MC Ren On Why N.W.A Belongs in the Rock & Roll Hall of Fame


N.W.A (from left: Dr. Dre, MC Ren, Ice Cube, DJ Yella) accepting their Hall of Fame honors.

Earlier this year, the Rock & Roll Hall of Fame inducted N.W.A as part of their Class of 2016. This was a huge step forward in recognizing one of the most influential and important artists of all time. Formed in Compton, California in 1986, N.W.A were one of the first artists to write about police brutality in black communities, and they were made into pariahs because of it.


It’s jarring to listen to N.W.A’s lyrics today, because even though these songs were written decades ago, they sound as tragically current as ever. N.W.A, whose classic lineup comprised of DJ Yella, Dr. Dre, Eazy-E, Ice Cube, and MC Ren, wrote songs about racial profiling and police brutality, including the seminal “Fuck tha Police.”

When that song was released in 1988, it was a lightning rod for controversy. The group found their music censored, their concerts boycotted, and even received a threatening letter from the FBI. But the root of all of the uproar was the simple fact that an artist was audacious enough to call out systemic racism in America.

Here’s a fact: About the same number of white people and black people smoke marijuana. But if you are black, you are four times more likely to be arrested for it than if you were white.

Four times.

This, in a nutshell, encapsulates the centuries long struggle between black people and racist law enforcement.

Beginning with the founding of this country, when sheriffs would bring back escaped slaves to their owners, to when cops prevented freed slaves from daring to enjoy the same amenities as their former owners, to the present day, there has always been a different set of laws if you are black.

This self perpetuating system of oppression and injustice has affected the daily lives of black people in this country literally every day since its inception. Somehow though, this dynamic has been willfully ignored by white people since day one.

A combination of hate, ignorance, and obliviousness has led most white people to live their lives either ignoring the reality of black life or outright denying that black lives are more difficult, or even matter.

That is why N.W.A was and is so important. From 1980s Compton to 2010s Ferguson, (and Florida, Staten Island and beyond), a number of police officers, as Ice Cube put it, “think they have the authority to kill a minority.” This stream of police brutality has been divisive, leading to a national conversation about race. (I highly recommend reading this brilliant piece on white privilege, especially if you are reading this thinking that racism isn’t really a problem.)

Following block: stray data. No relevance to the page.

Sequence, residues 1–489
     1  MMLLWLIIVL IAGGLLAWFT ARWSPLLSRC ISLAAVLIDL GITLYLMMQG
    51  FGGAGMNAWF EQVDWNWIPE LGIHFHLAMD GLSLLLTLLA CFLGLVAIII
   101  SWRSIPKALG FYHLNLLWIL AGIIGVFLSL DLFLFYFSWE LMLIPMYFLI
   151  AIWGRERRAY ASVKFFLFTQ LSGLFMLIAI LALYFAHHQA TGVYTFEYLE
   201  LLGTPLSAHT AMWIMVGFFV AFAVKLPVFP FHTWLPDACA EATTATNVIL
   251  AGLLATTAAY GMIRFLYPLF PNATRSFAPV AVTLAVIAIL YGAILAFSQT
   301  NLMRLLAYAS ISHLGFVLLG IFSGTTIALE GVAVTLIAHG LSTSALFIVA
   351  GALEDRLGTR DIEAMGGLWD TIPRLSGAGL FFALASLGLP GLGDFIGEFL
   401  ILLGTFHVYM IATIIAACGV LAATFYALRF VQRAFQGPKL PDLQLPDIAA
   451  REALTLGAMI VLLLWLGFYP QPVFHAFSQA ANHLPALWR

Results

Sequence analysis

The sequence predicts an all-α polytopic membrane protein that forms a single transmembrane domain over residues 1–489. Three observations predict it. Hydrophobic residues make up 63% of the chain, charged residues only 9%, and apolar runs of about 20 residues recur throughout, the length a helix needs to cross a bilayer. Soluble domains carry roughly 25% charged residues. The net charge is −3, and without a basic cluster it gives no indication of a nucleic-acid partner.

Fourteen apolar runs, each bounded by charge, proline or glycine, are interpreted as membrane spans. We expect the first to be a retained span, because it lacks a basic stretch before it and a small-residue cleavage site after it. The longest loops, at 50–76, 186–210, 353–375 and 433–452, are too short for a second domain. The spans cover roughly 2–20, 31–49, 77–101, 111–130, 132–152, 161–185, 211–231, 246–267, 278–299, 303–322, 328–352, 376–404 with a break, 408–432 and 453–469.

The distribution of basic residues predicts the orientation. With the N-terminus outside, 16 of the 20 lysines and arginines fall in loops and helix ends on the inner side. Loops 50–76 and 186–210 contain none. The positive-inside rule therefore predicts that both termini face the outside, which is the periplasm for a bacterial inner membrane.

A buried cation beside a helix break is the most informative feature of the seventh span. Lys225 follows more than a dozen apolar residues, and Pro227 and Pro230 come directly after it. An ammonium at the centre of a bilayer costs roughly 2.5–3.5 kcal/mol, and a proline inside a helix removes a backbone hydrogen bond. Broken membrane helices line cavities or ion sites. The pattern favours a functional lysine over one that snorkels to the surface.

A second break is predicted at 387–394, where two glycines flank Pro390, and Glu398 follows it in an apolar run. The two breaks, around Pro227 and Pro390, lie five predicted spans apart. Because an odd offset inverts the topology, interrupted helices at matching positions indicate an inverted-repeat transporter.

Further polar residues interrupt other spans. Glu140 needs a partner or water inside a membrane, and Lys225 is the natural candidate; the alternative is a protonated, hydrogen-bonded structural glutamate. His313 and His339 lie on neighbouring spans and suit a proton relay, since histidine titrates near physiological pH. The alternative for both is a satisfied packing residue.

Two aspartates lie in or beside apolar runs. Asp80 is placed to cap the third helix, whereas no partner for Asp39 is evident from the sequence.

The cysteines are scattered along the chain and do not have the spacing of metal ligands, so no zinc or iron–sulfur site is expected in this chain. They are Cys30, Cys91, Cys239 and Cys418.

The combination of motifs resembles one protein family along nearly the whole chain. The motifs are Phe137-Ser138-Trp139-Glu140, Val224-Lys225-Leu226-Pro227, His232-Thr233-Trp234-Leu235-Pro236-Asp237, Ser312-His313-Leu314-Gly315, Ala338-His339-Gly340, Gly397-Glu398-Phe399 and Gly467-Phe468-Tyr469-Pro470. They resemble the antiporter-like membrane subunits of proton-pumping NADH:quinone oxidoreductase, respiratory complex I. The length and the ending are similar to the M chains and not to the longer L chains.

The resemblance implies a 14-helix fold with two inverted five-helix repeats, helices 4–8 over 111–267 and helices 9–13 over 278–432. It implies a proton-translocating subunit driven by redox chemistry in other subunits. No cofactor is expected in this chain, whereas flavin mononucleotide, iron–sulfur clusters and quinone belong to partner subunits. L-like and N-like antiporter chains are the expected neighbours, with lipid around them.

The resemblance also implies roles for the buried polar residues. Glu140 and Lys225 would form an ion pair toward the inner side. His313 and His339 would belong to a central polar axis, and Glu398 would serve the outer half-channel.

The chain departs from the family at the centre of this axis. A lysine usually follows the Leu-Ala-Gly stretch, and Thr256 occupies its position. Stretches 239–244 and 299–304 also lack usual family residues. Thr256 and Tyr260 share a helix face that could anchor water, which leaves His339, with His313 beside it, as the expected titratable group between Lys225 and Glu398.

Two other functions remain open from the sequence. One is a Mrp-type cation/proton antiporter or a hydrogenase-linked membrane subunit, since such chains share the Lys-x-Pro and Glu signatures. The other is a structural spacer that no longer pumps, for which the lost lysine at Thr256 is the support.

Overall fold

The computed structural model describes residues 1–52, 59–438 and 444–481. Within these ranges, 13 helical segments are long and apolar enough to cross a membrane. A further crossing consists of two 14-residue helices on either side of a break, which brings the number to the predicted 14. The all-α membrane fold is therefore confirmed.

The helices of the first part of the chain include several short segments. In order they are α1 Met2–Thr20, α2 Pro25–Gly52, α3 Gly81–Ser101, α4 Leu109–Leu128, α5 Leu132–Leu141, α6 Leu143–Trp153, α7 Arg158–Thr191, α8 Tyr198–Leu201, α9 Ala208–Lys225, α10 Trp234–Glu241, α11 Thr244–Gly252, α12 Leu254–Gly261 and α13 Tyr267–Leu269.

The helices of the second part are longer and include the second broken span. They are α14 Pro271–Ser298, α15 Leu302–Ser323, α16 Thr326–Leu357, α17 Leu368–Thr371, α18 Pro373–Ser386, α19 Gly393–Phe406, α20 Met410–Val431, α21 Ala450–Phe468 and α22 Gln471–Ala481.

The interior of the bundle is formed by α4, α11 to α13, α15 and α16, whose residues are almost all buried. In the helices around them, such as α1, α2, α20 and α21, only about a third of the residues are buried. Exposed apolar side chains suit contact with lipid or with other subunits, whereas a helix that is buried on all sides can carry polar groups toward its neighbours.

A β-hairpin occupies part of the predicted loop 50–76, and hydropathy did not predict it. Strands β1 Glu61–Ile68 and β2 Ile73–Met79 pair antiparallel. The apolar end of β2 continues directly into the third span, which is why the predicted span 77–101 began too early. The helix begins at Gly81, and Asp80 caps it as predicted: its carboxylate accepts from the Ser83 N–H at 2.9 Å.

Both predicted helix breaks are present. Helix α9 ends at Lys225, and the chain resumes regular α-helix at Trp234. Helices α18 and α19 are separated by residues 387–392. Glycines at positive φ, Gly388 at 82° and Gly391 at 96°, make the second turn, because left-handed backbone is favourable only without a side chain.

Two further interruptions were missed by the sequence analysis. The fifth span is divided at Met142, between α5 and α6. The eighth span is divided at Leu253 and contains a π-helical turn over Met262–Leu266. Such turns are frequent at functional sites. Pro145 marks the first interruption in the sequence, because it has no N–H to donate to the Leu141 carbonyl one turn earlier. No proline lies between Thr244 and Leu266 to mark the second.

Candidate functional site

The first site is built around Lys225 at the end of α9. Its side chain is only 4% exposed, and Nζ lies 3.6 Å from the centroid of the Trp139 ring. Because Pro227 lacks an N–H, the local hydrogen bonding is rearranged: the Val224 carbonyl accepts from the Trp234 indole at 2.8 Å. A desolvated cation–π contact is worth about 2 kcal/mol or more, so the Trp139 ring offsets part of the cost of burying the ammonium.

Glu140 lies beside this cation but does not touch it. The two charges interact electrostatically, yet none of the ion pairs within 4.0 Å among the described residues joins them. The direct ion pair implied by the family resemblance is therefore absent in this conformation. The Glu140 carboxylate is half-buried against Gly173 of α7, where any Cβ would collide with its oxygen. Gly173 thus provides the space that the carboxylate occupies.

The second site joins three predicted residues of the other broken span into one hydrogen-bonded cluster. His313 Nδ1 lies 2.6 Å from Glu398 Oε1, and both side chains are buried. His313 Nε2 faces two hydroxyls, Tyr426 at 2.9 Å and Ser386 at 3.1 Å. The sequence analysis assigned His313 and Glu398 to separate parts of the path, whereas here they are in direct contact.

Shortly after the group was nominated for the Hall of Fame, I spoke with MC Ren. We discussed N.W.A’s impact as well as the resistance to acknowledge their success. This was their fourth nomination– they’d missed the cut three times before.

“I have no clue why we keep getting snubbed by the Hall when they have other hip hop groups in,” Ren said, adding that “our group had as big an impact as all the rest.”

Only four rap acts had been inducted prior to N.W.A: Grandmaster Flash and the Furious Five (2007), Run-D.M.C. (2009), Beastie Boys (2012), and Public Enemy (2013). Depending on your point of view, four is either way too small a number, or four too many. But many listeners of both rap and rock would argue that rock isn’t so much a genre, but rather a style of expression.

“‘Fuck Tha Police’ is hip hop and has a rock & roll attitude by the statement alone,” Ren said.

Ice Cube later elaborated on that thought, saying during his induction speech:

Now, the question is, are we rock & roll? And I say you goddamn right we rock & roll. Rock & roll is not an instrument, rock & roll is not even a style of music. Rock & roll is a spirit.

That rock & roll/hip hop spirit means standing up to adversity. Calling out discrimination. Fighting the power. N.W.A embodies that spirit without a doubt. As they knock down barriers upon their induction, the larger problem of police brutality still looms large. But today, perhaps more than ever, there seems to at least be a raised awareness of the issues.

“It’s not that America is catching up with the brutality,” Ren said. “It’s just now with technology, more events are getting captured on film and [are] bringing light to more of these evil crimes committed by crooked police officers who abuse power because they wear a badge.”

Recently many of the cop-on-unarmed-black-man crimes have blown up nationally because there are cell phone videos of these crimes. There has also been a push for body camera laws to hold police more accountable.

N.W.A went into the Hall of Fame alongside Deep Purple, Chicago, Cheap Trick, and Steve Miller. I asked MC Ren what his thoughts were on a potential all-star jam, and he said “I think all the groups together would make magic.” However, N.W.A wound up not performing at the event, feeling that they “weren’t supported.”